Substantive Analysis

While I will usually forgo a substantive analysis of my model sentences or keep my comments to a minimum, I will be happy if people wish to tackle this (more important) topic for conversation in their comments. As I see it, Schröter’s point here is that while Droysen represented an advance over many of his peers insofar as he had a heightened awareness of the crucial role that was played by the interpretive activity of the historian for some decisive aspects of the historical task, his successors have taken this insight further by stressing that the entire process of constructing a conception of history is shaped by the historian’s interpretive activity.

For my other Schröter posts on historiography, see here.

For a complete list of my blog posts, please see here.

For tips on how to use this blog, please see here.

For two interviews with me about the Baylor-Mohr Siebeck Series, see Clifford Kvidahl and Michael Hölscher.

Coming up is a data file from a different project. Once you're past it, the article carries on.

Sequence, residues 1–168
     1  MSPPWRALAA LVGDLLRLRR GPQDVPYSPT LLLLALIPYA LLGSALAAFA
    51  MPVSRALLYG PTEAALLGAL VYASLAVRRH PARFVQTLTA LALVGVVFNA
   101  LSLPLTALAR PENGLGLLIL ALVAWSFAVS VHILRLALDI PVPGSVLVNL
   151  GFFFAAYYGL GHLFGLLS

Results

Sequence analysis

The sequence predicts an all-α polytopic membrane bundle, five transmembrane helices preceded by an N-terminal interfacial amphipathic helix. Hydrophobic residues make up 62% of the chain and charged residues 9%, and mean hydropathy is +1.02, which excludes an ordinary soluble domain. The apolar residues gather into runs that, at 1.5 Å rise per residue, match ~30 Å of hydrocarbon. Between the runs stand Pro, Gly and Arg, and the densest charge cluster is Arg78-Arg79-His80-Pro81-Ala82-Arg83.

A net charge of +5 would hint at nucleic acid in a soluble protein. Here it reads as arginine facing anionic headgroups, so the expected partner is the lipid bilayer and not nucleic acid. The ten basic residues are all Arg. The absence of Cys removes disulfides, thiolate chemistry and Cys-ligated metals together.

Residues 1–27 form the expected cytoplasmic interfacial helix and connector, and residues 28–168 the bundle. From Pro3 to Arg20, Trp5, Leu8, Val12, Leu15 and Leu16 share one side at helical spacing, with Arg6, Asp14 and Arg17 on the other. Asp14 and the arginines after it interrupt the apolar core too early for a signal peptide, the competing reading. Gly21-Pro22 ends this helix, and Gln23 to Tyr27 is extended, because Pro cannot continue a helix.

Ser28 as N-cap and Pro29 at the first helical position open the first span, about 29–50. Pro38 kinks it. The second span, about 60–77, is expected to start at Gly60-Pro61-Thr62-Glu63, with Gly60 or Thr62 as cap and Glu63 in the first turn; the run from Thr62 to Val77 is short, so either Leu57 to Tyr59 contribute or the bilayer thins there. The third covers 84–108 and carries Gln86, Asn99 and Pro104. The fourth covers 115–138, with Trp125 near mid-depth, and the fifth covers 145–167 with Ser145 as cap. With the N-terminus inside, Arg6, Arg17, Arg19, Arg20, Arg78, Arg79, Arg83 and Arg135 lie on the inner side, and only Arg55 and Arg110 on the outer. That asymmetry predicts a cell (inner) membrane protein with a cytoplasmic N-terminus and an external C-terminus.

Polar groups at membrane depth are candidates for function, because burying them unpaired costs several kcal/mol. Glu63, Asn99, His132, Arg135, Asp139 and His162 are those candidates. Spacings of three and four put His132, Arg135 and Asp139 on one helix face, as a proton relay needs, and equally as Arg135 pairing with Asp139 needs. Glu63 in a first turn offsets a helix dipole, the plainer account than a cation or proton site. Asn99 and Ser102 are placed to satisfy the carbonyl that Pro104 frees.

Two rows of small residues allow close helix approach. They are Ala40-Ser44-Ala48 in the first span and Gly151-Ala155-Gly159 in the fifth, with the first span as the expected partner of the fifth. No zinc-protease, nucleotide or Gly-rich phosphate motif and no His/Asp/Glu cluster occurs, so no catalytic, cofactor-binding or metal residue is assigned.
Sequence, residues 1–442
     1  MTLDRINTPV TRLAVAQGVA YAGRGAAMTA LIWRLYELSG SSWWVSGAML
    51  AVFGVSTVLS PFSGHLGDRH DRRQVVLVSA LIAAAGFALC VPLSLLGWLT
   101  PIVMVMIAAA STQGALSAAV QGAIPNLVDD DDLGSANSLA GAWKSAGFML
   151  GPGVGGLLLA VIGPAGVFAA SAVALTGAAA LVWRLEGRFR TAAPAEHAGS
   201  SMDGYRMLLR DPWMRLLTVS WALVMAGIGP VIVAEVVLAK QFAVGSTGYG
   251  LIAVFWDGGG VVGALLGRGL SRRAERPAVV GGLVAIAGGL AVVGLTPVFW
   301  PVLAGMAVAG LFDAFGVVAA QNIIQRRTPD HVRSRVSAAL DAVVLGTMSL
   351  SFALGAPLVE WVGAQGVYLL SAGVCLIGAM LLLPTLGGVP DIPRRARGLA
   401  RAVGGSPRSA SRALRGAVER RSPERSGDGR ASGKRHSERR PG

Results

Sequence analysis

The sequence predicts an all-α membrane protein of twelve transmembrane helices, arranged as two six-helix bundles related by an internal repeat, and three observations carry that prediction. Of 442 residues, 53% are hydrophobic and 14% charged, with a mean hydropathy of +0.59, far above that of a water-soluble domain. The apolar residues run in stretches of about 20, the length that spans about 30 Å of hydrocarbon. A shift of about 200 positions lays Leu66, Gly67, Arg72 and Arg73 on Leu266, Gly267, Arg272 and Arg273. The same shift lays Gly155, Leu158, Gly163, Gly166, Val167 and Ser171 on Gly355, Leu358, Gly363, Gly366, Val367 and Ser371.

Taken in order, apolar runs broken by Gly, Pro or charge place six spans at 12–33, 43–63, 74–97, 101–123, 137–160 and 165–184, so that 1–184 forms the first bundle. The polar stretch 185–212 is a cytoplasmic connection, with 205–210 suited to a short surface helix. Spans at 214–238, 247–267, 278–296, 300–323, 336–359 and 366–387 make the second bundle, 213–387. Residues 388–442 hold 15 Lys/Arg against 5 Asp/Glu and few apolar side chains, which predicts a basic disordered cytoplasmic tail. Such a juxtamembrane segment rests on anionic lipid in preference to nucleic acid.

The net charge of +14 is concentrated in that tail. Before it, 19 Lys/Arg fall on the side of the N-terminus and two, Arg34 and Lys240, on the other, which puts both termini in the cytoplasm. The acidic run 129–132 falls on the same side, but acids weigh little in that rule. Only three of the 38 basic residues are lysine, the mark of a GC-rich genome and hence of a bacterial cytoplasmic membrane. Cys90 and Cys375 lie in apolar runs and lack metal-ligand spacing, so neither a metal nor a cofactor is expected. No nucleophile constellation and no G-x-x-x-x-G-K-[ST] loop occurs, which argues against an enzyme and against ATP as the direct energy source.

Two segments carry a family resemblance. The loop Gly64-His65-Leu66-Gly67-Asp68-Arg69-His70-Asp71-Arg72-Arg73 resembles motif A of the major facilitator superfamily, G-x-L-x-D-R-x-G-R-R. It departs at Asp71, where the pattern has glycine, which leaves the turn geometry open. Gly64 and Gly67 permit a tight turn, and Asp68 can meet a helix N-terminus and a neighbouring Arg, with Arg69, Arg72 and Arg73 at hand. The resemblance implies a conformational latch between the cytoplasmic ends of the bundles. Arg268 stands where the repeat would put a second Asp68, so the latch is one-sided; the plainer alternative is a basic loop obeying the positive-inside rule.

Facebook Page: To receive notifications of future blog posts, please subscribe to this blog and/or like my facebook page here.

German Mondays: Thank you for making it to the end of this blog post! In an effort to provide a sense of regularity and predictability for this blog’s readership, I plan on writing a new post each Monday. So hopefully I will ‘see’ you again in a week’s time. Best, Wayne.


7 thoughts on “Constructing History with Droysen and Jens Schröter

  1. Hi Wayne,
    This is stunning. Thank you! A few issues:
    1) “the occupation with the historical material represents from the beginning an interpretative, meaning-creating activity” – I am wondering, is there not a danger of falling into the “death of the author” radical subjectivity we find in for example some of Derrida’s work? Sure, interpretation is always part of the hermeneutical process (so rightly i.e. Ricoeur, Gadamer), but does that mean that significant events in the life of Jesus of Nazareth which all four canonical gospels share and interpret as events that happened in space and time, reflect the kind of “meaning-creating activity” that compels us to reject the space-time elements that are taken up into the four gospel’s “interpretative, meaning-creating activity”?

    2) “the selection of the sources and their critical analysis are already interpretive activities and thus constituent parts of historical knowing” – Sure, but does “interpretative activities” being part of the process exclude making historical claims altogether? “thus constituent parts of historical knowing” probably answers this question…